Room scan visualization

Applications that require spatial mapping rely on the device to collect data over time and across sessions. The completeness and quality of the mapping data depends on many factors, including the amount of exploration the user has done, how much time has passed since the exploration, and whether objects such as furniture and doors have moved since the device scanned the area.

To ensure useful spatial mapping data, applications developers have several options:

  • Rely on what may have already been collected. This data may be incomplete initially.
  • Ask the user to use the bloom gesture to get to the Windows Mixed Reality home and then explore the area they wish to use for the experience. They can use air-tap to confirm that all the necessary area is known to the device.
  • Build a custom exploration experience in their own application.

In all these cases, the actual data gathered during the exploration is stored by the system and the application doesn't need to do this. If you'd like to see room scan visualization in action, check out our Designing Holograms - Spatial Awareness video demo below:

This video was taken from the "Designing Holograms" HoloLens 2 app. Download and enjoy the full experience here.

Device support

Feature HoloLens Immersive headsets
Room scan visualization ✔️

Building a custom scanning experience

Applications may analyze the spatial mapping data at the start of the experience to judge whether they want the user to do extra steps to improve its completeness and quality. If analysis indicates quality should be improved, developers should provide a visualization to overlay on the world to indicate:

  • How much of the total volume in the users vicinity needs to be part of the experience
  • Where the user should go to improve data

Users don't know what makes a "good" scan. They need to be shown or told what to look for if they’re asked to evaluate a scan – flatness, distance from actual walls, and so on. The developer should implement a feedback loop that includes refreshing the spatial mapping data during the scanning or exploration phase.

In many cases, it's best to tell the user what they need to do to get the necessary scan quality. For example, look at the ceiling, look behind furniture, and so on.

Cached versus continuous spatial mapping

The spatial mapping data is the most heavy weight data source applications can consume. To avoid performance issues such as dropped frames or stuttering, consumption of this data should be done carefully.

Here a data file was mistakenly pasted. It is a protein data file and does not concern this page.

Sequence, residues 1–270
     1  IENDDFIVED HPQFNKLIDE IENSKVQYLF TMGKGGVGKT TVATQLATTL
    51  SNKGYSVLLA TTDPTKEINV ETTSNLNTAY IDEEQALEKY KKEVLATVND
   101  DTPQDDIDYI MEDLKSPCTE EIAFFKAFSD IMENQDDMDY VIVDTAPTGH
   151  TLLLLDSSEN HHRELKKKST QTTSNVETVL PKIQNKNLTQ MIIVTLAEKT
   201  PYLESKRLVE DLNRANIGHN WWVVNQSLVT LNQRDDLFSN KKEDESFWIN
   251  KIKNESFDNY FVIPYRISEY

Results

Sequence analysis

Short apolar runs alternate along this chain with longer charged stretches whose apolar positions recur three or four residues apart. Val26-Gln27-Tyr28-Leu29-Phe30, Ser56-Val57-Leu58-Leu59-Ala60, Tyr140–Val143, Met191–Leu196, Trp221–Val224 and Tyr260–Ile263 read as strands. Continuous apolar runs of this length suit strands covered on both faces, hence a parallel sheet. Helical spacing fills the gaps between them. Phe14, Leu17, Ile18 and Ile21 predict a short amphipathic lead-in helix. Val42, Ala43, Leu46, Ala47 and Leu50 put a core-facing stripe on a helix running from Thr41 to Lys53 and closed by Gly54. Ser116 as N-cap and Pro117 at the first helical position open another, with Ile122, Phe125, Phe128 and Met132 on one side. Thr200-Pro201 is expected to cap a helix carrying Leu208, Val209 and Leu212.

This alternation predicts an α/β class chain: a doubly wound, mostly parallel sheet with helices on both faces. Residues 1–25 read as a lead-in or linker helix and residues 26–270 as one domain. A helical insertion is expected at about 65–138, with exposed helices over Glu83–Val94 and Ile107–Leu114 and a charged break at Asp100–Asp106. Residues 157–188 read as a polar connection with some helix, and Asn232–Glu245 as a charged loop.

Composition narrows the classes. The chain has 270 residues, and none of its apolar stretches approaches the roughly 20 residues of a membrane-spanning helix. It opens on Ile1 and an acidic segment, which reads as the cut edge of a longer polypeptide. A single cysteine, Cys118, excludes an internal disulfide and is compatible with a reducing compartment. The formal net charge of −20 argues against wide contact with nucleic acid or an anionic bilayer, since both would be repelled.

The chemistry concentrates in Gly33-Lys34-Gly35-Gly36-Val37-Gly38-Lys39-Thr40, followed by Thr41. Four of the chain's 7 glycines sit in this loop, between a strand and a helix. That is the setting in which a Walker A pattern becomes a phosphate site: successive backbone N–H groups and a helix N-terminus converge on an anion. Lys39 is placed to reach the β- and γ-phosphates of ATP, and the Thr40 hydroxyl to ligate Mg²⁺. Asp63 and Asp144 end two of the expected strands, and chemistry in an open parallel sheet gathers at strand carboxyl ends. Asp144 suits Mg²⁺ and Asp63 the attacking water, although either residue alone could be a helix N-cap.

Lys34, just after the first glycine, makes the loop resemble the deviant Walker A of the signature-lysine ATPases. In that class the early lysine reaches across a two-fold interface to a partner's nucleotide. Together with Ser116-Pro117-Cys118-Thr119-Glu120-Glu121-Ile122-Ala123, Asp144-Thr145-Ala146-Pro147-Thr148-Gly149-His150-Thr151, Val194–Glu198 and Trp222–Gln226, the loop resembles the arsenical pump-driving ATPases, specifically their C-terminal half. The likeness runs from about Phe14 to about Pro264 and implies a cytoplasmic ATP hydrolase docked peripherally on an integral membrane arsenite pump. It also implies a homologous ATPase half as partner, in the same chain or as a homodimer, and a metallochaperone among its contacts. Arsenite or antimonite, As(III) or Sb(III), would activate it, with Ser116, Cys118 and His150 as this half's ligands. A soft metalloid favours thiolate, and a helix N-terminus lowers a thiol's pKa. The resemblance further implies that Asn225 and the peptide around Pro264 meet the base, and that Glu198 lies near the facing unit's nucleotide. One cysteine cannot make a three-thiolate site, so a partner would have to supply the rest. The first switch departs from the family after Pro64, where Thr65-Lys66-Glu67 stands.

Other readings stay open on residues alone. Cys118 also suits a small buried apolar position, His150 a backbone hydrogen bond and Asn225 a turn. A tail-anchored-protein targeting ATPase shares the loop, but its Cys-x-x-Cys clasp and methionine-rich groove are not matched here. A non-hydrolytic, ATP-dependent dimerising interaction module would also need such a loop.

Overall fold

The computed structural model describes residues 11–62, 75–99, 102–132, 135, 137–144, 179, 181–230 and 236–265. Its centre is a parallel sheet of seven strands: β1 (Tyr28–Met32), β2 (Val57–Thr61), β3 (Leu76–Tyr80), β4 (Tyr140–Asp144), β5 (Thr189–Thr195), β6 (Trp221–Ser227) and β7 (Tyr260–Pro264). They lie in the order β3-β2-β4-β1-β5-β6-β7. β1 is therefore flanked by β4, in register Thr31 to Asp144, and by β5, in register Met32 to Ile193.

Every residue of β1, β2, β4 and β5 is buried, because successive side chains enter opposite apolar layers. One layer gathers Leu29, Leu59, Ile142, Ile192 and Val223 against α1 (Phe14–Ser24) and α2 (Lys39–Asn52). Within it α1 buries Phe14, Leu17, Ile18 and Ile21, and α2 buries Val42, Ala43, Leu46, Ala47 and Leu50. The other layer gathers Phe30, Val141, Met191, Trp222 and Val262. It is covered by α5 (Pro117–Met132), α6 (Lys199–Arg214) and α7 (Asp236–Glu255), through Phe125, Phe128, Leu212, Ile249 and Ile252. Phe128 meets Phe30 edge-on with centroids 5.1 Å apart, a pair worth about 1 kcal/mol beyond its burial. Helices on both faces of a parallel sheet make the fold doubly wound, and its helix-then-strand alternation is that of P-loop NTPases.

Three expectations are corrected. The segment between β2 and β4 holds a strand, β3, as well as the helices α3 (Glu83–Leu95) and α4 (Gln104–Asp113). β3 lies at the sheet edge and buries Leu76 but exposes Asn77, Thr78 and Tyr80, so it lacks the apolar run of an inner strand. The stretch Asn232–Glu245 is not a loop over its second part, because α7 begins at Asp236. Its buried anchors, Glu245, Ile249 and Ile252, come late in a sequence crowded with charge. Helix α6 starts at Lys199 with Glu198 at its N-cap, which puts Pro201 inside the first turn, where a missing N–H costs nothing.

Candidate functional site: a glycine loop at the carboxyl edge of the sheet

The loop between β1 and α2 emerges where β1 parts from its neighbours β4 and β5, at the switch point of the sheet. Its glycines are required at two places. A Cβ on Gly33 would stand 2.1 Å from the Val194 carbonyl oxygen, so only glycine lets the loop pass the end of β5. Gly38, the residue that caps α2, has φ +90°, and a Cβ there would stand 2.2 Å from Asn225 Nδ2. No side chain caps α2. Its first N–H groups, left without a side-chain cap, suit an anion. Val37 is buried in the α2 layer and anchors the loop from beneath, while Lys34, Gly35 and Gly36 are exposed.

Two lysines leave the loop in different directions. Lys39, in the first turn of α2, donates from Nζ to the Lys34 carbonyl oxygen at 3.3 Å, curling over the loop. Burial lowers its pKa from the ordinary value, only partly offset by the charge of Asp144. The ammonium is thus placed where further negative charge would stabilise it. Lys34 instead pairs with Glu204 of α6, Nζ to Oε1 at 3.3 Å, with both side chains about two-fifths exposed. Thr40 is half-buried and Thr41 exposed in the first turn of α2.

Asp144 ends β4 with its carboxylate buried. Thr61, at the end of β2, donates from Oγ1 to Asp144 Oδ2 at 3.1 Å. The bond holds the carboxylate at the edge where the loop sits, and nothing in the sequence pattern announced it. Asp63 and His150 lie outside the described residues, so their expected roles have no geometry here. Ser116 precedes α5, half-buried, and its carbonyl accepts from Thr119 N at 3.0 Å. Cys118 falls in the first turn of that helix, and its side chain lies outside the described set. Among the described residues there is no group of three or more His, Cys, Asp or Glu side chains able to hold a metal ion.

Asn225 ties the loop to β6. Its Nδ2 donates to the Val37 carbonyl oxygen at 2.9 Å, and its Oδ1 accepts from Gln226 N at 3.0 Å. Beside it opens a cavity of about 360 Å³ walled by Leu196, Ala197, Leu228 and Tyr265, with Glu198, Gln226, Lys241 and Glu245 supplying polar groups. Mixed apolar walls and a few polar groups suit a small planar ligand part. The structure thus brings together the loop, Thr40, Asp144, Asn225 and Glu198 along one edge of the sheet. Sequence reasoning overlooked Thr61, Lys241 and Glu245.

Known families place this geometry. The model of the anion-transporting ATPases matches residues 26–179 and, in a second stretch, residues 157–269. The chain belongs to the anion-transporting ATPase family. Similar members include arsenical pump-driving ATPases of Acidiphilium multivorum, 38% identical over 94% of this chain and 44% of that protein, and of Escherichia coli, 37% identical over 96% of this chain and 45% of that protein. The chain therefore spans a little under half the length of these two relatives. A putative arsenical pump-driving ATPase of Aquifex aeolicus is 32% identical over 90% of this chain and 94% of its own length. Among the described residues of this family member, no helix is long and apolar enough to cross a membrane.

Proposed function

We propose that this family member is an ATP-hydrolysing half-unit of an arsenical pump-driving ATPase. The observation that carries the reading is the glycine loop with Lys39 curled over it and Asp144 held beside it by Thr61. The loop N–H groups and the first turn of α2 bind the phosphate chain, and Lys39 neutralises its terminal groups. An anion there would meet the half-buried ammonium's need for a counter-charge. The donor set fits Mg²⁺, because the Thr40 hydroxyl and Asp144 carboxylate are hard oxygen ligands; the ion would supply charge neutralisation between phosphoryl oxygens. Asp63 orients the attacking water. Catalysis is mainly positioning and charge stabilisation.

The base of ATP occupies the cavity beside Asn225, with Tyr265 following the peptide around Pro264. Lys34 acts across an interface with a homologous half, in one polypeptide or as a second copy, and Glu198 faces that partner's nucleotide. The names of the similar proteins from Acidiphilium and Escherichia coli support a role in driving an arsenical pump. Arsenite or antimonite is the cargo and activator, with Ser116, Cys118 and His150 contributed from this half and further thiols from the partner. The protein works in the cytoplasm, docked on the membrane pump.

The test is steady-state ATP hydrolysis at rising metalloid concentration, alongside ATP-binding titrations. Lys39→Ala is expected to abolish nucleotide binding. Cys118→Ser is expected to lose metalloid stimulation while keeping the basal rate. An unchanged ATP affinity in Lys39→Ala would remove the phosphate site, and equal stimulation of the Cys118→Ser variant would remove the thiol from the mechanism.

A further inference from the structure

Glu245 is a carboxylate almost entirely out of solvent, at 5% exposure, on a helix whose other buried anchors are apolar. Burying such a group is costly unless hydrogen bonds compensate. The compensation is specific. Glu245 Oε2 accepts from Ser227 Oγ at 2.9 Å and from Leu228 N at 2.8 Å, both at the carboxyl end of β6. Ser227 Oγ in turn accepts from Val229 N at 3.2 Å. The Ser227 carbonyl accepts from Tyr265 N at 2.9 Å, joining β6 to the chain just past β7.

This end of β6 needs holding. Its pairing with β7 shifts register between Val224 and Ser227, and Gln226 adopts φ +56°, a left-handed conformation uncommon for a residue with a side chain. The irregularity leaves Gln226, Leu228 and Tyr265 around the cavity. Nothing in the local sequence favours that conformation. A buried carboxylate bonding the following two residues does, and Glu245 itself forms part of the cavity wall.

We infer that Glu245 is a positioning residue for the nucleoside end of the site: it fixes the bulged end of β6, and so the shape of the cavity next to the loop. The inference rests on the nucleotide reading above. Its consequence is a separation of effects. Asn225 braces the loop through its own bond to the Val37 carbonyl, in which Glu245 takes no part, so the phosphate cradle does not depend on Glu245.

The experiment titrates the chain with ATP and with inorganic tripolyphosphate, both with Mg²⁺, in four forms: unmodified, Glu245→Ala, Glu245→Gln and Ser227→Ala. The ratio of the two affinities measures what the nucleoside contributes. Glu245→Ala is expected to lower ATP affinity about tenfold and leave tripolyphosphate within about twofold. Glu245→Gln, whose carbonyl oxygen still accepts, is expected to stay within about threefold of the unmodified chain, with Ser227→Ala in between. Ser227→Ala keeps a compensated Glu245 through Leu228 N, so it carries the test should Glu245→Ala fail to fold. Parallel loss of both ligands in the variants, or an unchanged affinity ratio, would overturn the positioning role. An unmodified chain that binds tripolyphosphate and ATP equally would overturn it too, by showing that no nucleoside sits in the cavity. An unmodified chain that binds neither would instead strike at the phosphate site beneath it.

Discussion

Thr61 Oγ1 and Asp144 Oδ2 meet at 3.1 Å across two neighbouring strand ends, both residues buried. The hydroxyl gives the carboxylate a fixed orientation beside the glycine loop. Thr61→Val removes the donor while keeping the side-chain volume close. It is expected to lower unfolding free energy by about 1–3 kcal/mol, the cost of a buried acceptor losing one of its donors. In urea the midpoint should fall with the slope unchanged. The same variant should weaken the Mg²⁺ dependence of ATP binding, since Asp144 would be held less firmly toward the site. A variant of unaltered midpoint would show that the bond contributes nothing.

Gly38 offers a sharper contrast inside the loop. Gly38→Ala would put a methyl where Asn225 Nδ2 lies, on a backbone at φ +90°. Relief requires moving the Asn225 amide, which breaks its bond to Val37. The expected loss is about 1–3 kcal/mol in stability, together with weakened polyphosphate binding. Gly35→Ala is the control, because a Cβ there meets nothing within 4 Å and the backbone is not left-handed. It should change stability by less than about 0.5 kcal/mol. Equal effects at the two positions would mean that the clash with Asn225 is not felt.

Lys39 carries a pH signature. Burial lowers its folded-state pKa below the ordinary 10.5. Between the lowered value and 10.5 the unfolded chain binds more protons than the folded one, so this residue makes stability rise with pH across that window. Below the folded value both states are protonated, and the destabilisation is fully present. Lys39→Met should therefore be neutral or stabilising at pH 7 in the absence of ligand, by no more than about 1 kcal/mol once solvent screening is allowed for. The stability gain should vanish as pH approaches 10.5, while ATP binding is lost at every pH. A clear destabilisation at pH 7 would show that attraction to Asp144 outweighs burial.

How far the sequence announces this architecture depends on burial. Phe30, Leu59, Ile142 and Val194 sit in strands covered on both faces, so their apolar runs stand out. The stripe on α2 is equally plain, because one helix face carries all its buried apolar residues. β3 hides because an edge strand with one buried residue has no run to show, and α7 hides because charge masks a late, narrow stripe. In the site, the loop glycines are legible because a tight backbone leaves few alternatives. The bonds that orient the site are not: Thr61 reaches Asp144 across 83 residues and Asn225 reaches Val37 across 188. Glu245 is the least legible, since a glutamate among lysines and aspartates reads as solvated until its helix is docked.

Active scanning during an experience can be both beneficial and detrimental, so you'll need to decide which method to use based on the experience.

Cached spatial mapping

If there's cached spatial mapping data, the application typically takes a snapshot of the spatial mapping data and uses this snapshot during the experience.


  • Reduced overhead on the system while the experience is running leading to dramatic power, thermal, and cpu performance gains.
  • A simpler implementation of the main experience since it is not interrupted by changes in the spatial data.
  • A single one time cost on any post processing of the spatial data for physics, graphics, and other purposes.


  • The movement of real world objects or people is not reflected by the cached data. for example, the application might consider a door open when it's closed now.
  • Potentially more application memory to maintain the cached version of the data.

A good case for this method is a controlled environment or a table top game.

Continuous spatial mapping

Certain applications may rely on continues scanning to refresh spatial mapping data.


  • You don't need to build in a separate scanning or exploration experience upfront in your application.
  • The movement of real world objects can be reflected by the game, although with some delay.


  • Higher complexity in the implementation of the main experience.
  • Potential overhead from the extra graphic and physics processing, as changes need to be incrementally ingested by these systems.
  • Higher power, thermal, and CPU impact.

A good case for this method is one where holograms are expected to interact with moving objects, for example, a holographic car that drives on the floor may want to bump into a door depending on whether it's open or closed.

See also